Crop Prices Defy Commodity Gloom With Boost From U.S. Farm Databy , , and
Corn, soybeans also higher after government releases reports
Hedge funds `had such a big short position' ahead of the data
Wheat prices jumped the most in two months, striking a rare bullish note amid a generally gloomy outlook for commodities, after U.S. government data showed farmers planted the smallest winter crop in six years. Corn and soybeans also rose.
U.S. farmers sowed 36.61 million acres of winter-wheat varieties, the U.S. Department of Agriculture said Tuesday in a report. That was less than the lowest estimate in a Bloomberg survey of analysts and would make the plantings the second-smallest since 1913.
The data shows that U.S. farmers may finally be taking action to rein in supply after bumper crops depressed prices for grains and soybeans. The USDA said via Twitter that the most common comments from farmers, in relation to the smaller winter wheat crop, cited weather and economics. Plantings of hard-red-winter wheat fell across most of the Great Plains and acreage was record low in Nebraska.
The USDA report “tells us a lot about farmer attitudes,” said Dale Durchholz, an analyst at AgriVisor LLC in Bloomington, Illinois. “The market has to consider the potential that low prices will cause farmers to curtail plantings” of corn and soybeans.
Wheat futures for March delivery gained as much as 3 percent on the Chicago Board of Trade and closed 2.6 percent higher at $4.8125 a bushel at 1:19 p.m. local time.
In the USDA’s World Agriculture Supply and Demand Estimates (WASDE) report, also out Tuesday, production estimates for last year’s U.S. soybean and corn crops were reduced. The lower yields curbed the increase in domestic Dec. 1 inventories. Soybean futures for March delivery rose 1.5 percent to $8.745 a bushel while corn futures for March delivery gained 1.4 percent at $3.5675.
While this year’s U.S. wheat crop may shrink, world supplies remain ample. The USDA boosted its forecast for global reserves before this year’s North American harvest by 0.9 percent to a record, citing larger production in Russia, Pakistan and the European Union, and reduced feed and food demand.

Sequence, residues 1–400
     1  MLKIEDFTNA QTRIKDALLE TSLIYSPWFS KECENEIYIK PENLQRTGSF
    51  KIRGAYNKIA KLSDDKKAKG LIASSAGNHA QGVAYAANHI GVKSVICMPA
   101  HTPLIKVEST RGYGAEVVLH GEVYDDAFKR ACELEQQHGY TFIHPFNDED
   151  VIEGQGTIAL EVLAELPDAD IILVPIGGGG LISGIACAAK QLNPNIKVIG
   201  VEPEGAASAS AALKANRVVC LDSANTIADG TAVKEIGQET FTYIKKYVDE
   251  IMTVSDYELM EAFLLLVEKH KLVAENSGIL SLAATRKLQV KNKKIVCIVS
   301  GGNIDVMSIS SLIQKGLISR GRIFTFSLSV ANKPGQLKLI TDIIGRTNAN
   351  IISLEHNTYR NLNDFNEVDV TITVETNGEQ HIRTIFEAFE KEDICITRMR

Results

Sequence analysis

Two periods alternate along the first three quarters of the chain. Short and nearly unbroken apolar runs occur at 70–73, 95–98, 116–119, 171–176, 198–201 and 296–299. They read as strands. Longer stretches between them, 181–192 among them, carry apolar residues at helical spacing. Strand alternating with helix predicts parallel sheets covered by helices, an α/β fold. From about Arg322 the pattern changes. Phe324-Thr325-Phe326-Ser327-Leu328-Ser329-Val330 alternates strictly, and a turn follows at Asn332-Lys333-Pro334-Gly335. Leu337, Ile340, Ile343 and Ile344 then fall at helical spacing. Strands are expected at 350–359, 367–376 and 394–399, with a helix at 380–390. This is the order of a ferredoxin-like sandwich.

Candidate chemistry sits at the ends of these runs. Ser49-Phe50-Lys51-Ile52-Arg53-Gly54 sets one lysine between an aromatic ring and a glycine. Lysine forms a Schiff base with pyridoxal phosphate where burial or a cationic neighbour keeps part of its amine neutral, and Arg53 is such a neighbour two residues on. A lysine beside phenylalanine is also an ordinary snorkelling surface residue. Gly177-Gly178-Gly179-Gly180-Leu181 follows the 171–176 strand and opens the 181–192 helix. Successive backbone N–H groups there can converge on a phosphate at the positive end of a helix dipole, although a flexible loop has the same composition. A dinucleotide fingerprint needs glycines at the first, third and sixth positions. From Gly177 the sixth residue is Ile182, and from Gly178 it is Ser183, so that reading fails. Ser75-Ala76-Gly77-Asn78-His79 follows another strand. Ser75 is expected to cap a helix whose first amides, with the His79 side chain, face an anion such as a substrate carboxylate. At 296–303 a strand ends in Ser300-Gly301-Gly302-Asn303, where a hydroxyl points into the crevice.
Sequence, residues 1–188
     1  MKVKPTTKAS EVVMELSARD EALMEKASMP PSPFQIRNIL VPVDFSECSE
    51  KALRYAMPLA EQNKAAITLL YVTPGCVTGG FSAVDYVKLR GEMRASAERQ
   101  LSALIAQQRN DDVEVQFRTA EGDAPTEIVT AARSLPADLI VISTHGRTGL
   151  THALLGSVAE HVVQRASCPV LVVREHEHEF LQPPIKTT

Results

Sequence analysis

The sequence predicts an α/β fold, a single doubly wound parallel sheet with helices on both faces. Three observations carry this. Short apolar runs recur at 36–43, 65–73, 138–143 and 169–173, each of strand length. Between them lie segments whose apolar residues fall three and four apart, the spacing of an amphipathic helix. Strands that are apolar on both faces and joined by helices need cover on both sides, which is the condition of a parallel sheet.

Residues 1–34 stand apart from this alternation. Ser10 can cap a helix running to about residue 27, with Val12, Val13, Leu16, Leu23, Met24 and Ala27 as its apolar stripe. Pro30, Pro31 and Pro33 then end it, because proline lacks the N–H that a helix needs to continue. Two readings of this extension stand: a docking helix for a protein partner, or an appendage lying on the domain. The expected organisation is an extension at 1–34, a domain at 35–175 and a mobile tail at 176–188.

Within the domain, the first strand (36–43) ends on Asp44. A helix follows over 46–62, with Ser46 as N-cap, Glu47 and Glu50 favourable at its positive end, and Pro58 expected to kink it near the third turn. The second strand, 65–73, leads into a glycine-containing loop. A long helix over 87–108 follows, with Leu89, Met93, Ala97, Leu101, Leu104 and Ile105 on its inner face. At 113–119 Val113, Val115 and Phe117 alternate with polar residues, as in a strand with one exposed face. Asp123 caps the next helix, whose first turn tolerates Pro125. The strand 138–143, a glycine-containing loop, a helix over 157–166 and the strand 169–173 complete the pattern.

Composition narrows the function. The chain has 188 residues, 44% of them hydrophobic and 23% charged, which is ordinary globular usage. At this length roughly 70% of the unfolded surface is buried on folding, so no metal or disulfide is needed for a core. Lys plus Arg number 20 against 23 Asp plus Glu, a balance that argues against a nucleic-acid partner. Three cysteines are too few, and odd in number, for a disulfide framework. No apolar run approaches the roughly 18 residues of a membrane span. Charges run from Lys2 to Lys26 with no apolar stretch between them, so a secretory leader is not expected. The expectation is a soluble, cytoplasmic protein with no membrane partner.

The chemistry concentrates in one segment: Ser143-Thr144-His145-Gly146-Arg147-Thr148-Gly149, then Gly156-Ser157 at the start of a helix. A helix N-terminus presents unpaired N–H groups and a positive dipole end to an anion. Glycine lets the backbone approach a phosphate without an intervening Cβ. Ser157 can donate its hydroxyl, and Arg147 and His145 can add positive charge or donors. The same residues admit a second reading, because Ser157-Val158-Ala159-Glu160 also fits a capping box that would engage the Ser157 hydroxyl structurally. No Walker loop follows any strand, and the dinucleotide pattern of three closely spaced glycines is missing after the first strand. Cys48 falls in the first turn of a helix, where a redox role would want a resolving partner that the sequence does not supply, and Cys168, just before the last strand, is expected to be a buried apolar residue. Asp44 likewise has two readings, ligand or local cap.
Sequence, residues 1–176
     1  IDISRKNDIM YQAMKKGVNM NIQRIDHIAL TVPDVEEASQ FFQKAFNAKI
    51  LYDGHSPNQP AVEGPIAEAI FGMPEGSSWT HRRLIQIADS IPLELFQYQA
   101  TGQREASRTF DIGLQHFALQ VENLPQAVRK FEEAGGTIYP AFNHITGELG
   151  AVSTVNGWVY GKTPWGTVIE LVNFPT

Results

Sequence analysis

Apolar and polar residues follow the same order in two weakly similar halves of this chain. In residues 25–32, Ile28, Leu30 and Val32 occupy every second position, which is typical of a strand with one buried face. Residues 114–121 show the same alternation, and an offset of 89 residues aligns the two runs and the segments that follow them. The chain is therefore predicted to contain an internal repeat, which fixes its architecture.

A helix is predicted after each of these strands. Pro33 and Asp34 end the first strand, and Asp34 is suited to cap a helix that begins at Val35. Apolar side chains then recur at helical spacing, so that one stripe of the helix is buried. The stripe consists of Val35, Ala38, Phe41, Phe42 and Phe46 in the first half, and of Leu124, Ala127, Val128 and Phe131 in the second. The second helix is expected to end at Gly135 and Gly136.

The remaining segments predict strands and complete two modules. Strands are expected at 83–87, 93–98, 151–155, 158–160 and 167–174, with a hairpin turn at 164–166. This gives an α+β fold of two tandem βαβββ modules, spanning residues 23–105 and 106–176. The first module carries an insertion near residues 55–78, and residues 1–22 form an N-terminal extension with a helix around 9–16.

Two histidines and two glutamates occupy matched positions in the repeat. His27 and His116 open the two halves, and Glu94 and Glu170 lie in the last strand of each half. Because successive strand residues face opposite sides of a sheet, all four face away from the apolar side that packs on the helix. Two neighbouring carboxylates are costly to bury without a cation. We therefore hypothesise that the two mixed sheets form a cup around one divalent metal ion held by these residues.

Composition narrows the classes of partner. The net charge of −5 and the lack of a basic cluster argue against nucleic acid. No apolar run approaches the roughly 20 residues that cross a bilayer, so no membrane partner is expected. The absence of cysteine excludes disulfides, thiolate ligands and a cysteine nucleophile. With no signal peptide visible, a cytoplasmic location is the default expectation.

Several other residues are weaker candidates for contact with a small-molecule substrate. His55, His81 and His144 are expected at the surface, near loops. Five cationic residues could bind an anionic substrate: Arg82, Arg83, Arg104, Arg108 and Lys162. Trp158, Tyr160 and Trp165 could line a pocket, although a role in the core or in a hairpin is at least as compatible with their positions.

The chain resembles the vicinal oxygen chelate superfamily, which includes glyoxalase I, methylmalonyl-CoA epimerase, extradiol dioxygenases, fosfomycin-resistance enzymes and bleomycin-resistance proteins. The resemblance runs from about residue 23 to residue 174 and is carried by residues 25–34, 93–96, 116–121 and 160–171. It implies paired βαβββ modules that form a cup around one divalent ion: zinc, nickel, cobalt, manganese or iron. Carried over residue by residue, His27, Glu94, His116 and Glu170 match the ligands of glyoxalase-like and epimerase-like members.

Prior to the government data’s release in Washington, the Bloomberg Commodity Index, a measure of returns from 22 raw materials, fell to its lowest since at least 1991. Oil slid to less than $30 a barrel while metal prices declined. Hedge funds are the most pessimistic ever on grain prices after previous increases in stockpiles of corn and soybeans, according to U.S. data as of Jan. 5.
“The funds had such a big short position and were expecting a big down day,” Ted Seifried, chief market strategist at Zaner Group LLC in Chicago, said by phone, referring to crop prices. “The fact that they didn’t get that, I think they’re running for the door.”
Overseas demand for U.S. crops remains slow. The USDA cut its projections for corn and soybean exports in the year ended Aug. 31. In the three months ended Nov. 30, consumption of U.S. corn fell 2.8 percent from the prior year, while soybean demand dropped 6 percent, according to the government.
“This report signals world supplies are starting to get a little smaller,” Jerry Gidel, chief feed grain analyst at Rice Dairy LLC in Chicago, said in a telephone interview. “It will take a more serious global weather threat to get a rally above $9 in soybeans and $3.75 in corn.”